Super Bowl LVIII Stat Pack


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Super Bowl LVIII Stat Pack

We made it!

The last NFL game for seven months is an exciting rematch of Super Bowl LIV. Patrick Mahomes was held relatively in check until a 4th quarter, 3-TD flood erased a 20-10 49ers lead. Unfortunately, the near miss on a deep bomb from Jimmy Garoppolo to Emmanuel Sanders has been etched in 49ers fans' heads for four years. Redemption is in sight.

Mahomes is chasing his third ring already, and Tom Brady is the only thing that got in between a potential fourth. The Chiefs will absolutely “settle” for 3-of-4. As always, all of the stats in this article are from Fantasy Points Data and specifically curated from the Data Suite. Our collection team has charted every play from every game over the last three seasons, and we have fresh, weekly data imported into the tools.

To our incredible subscribers – thank you for another great season. Let’s do it again in September.

San Francisco

Brock Purdy

1. Not only does Purdy lead all quarterbacks in yards per attempt (YPA) from a clean pocket (9.9), he does so by more than a full yard over C.J. Stroud and Tua Tagovailoa (8.7 YPA).

2. Only Anthony Richardson (0.76), Josh Allen (0.65), and Lamar Jackson (0.63) scored more fantasy points per dropback than Purdy (0.60) this season.

3. The Chiefs have ramped up their blitz rate in the playoffs. Over their last three games, DC Steve Spagnolo has sent extra rushers on 43% of the opposing team’s pass plays. During the regular season, the Chiefs blitzed 35% of the time.

3b. Brock Purdy has been relatively efficient when blitzed, as he ranks 5th-of-41 QBs in YPA (9.1) and 10th in fantasy points scored per dropback (0.55).

3c. However, he hasn’t been perfect. Purdy’s 5.8% turnover-worthy throw rate (when blitzed) is 8th-highest among quarterbacks.

3d. Purdy’s TWT% is 3.4% when he’s not blitzed – which is right around league average.

4. Purdy has only been intercepted once this postseason, but our collection team has charted him with five turnover-worthy throws (on 70 attempts) against Green Bay and Detroit.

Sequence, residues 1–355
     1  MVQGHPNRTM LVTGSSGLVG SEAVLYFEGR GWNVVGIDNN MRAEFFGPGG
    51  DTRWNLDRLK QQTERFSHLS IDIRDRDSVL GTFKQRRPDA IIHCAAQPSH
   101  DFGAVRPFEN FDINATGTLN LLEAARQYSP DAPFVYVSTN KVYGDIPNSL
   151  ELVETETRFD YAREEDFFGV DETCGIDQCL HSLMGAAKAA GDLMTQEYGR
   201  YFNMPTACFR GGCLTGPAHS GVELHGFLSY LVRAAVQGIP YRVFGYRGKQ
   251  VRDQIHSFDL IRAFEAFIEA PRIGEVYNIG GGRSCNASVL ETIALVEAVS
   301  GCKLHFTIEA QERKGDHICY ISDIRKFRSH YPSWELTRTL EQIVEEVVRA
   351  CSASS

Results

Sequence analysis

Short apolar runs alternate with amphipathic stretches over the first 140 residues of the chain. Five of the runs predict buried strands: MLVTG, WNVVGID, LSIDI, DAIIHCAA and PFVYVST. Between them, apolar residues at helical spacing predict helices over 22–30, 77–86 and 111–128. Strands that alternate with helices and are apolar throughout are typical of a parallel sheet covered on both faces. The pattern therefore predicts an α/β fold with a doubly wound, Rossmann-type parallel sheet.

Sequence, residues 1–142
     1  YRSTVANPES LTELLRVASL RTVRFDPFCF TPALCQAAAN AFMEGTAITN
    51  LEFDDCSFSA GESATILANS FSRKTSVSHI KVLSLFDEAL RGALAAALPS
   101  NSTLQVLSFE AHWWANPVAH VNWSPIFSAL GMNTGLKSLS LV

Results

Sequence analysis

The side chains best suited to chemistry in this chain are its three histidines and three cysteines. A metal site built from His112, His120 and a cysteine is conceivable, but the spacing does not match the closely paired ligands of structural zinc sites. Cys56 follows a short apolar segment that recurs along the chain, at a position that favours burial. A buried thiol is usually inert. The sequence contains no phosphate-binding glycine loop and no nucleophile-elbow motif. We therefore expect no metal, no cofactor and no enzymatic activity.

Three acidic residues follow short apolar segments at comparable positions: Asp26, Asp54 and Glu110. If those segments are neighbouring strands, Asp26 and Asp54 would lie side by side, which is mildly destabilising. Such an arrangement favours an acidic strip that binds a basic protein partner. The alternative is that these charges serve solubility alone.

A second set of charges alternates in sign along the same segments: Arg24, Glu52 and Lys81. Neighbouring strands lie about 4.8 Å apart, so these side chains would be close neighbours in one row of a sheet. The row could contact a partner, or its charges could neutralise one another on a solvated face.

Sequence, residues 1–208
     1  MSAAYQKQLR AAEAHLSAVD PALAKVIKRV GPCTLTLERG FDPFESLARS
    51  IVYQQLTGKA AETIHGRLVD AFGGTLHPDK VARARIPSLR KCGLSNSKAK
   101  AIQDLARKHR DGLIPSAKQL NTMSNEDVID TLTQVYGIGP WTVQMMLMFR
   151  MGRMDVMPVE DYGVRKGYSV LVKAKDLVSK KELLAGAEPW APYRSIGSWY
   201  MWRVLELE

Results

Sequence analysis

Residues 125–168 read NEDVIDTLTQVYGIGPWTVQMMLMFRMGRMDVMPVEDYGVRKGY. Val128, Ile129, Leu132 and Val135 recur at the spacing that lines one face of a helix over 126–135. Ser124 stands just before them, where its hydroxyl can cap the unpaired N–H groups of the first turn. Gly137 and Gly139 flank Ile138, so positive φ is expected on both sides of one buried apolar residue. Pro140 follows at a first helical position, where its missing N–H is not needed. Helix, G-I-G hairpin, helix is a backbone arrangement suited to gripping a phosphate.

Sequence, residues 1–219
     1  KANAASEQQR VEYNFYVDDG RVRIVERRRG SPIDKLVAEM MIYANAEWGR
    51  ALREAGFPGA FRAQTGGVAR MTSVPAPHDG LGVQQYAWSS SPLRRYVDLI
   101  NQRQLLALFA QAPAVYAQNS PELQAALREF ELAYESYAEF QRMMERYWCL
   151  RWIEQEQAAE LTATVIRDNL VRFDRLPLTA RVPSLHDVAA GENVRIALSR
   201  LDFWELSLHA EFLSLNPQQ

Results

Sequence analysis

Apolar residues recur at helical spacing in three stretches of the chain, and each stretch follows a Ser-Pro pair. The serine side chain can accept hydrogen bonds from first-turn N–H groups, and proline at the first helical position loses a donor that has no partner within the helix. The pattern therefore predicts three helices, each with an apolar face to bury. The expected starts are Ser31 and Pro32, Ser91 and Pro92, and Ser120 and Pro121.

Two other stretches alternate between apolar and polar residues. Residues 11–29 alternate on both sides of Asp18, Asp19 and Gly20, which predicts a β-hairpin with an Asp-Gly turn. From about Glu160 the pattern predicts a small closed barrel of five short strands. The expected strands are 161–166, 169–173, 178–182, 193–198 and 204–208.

Deebo Samuel / Brandon Aiyuk / George Kittle

5. Samuel and Aiyuk combined to miss five combined games this season.

5b. So, in their 13 games together, Deebo Samuel (83 – 22.4% target share) just narrowly edged out Brandon Aiyuk (82 – 22.1% TS) for the team lead in targets followed by Christian McCaffrey (67 – 18.1% TS) and George Kittle (63 – 17% TS).

6. Aiyuk (9) and Kittle (5) lead the 49ers in end-zone targets over Samuel (3). Aiyuk’s nine end-zone looks comprise a whopping 42.8% team share.

7. The Chiefs predominantly play two-high coverage, and they’re leaning on those looks even more heavily in the postseason. In their last three games, Kansas City has played two-high safety coverage on 77.2% of their opponents' 136 dropbacks.

7b. During the regular season, the Chiefs deployed two-high safety coverages 67% of the time (most).

8. When facing two-high safety coverages, Samuel has earned a massive 28.2% target share – which easily leads the 49ers over CMC (21.5%), Aiyuk (20.2%), and Kittle (14.2%).

9. This is relative because Kittle can go off against any defense at any time. However, this is not a great schematic matchup because the Chiefs play so many two-high looks.

9b. George Kittle is averaging just 1.30 yards per route run vs. two-high safety looks. His efficiency spikes (2.79 YPRR) against one-high safety coverages.

9c. When facing single-high safety coverage, Aiyuk (23.6%) and Kittle (19%) lead the 49ers in target share.

Christian McCaffrey

10. CMC is putting the finishing touches on one of the best individual seasons for a running back. He’s eclipsed at least 100 scrimmage yards in an incredible 10 of his last 11 games.

11. In his five postseason starts with the 49ers (including last year), McCaffrey has saved his best for last. In the playoffs, CMC has rushed 77 times for 426 yards (5.53 YPC) with 4 TDs, and he’s added 23/133/1 as a receiver.

12. As we have noted all season long, the Chiefs are susceptible on the ground. It’ll be interesting to see if Kansas City adjusts and drops down extra safety help to play the run. Or, will they stick to their usual two-high looks?